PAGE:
• Arne Dahl BAD BLOOD was featured in my book vs adaptation post this month
  • Yrsa Sigurdadottir SOMEONE TO WATCH OVER ME a strong contender for this year’s Petrona Award
  • Dick Francis EVEN MONEY
  • Elly Griffiths THE OUTCAST DEAD one for fans of the series only I think

Progress towards book-ish goals

As far as official challenges go I read 2 more books for the Australian Women Writers challenge, bringing my total to 6 out of the 24 I’m aiming to read this year.  But I failed to read a single book from my TBR pile that existed prior to the start of the year and didn’t read any more books for the reading USA fiction challenge either. Oh well!

My unofficial, personal challenges are travelling OK though

  • I still haven’t bought any physical or eBooks from overseas stores
  • I read another title by a female Irish crime writer
  • I read a non-crime novel (and I started another one but really wasn’t enjoying it so

What about you? Did you read anything memorable during March? Are you reading goals for the year on track or have the wheels started to fall off? Do you care either way?

Review: THE OUTCAST DEAD by Elly Griffiths

TheOutcastDeadGriffithsAudioElly Griffiths’ sixth novel featuring forensic archaeologist Ruth Galloway and friends is very much concerned with the topic of motherhood. In a grim present-day investigation police are looking into the death of a baby, the third of Liz and Bob Donaldson’s young children to have died. Although on the surface there is nothing particularly suspicious with respect to the death, DCI Harry Nelson finds it difficult to believe that in the modern world three children in the one family would all die unexpectedly and he focuses on Liz who was home alone with her son when he died. Meanwhile the university archaeologists are agog at having discovered the bones of an infamous woman known as Mother Hook, a child minder missing a hand who was hanged for the murder of one of her charges in 1867. Ruth and her discovery are to feature in an episode of a TV series called Women Who Kill though the dashing historian working on the show thinks he can prove Mother Hook might not have been what she seemed. If that’s not enough motherhood for you there are two kidnappings of young children from their respective child minders and almost every character is a new(ish) mum overdosing liberally on mummy guilt.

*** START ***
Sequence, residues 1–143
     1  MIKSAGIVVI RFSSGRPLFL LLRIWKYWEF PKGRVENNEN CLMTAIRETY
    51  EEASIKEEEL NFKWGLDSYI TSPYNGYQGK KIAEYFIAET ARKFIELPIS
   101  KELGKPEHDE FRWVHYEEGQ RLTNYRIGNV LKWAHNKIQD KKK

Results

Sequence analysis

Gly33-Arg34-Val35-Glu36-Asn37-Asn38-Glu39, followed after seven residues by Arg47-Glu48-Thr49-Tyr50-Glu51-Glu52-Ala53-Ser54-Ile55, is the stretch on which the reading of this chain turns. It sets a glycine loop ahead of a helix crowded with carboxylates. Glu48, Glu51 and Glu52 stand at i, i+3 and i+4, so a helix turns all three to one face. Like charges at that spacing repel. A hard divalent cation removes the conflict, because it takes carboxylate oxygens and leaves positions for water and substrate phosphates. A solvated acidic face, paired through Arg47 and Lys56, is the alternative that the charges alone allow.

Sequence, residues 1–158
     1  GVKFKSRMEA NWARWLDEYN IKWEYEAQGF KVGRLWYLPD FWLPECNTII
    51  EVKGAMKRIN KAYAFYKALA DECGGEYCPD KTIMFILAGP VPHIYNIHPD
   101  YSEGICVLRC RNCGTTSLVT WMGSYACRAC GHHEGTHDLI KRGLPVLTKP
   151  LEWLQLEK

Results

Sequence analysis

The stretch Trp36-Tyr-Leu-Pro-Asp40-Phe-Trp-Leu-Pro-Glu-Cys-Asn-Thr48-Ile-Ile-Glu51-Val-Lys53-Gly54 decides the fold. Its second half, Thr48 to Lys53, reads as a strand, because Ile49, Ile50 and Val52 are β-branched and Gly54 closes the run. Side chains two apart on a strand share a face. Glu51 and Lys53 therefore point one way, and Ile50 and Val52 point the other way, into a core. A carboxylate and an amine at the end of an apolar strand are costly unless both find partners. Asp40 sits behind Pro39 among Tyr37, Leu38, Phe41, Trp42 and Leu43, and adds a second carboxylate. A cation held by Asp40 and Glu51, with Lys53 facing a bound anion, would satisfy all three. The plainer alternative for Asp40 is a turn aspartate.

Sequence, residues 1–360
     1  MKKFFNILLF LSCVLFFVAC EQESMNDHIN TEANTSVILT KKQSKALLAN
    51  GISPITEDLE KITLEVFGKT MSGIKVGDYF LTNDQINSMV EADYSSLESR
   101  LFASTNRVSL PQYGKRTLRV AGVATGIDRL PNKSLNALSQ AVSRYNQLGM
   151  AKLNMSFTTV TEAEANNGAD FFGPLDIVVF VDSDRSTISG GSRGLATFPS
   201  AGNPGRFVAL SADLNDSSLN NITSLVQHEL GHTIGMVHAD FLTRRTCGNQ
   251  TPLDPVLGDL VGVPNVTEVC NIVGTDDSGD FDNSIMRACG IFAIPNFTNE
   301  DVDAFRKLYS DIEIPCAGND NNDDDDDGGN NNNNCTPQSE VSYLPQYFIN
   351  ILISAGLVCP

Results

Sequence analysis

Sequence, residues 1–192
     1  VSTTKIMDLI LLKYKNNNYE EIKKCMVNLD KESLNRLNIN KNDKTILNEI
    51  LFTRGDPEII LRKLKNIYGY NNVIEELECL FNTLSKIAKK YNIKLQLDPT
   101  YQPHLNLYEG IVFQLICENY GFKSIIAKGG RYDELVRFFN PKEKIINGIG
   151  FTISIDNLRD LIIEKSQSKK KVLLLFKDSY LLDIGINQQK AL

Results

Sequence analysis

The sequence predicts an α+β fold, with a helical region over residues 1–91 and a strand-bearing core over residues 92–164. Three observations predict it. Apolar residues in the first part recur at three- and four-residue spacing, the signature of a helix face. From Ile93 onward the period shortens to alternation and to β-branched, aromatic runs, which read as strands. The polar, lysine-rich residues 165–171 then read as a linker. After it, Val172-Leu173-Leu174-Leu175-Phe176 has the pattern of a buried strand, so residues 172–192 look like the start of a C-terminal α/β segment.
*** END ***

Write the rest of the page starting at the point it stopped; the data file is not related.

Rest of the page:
I enjoyed catching up with my old friends Ruth, Harry and Cathbad (yes fans, he does make an appearance) in much the same way as I enjoy catching up with any group of likeable old friends but I’m not sure there’s a lot else to say about this book. One of the things that struck me as I listened to the delightful narration by Clare Corbett is that I could not imagine recommending the book to anyone who hasn’t read the earlier books in the series. If you are not already invested in the existing relationships and characters of this series I’m not sure there is enough here for you.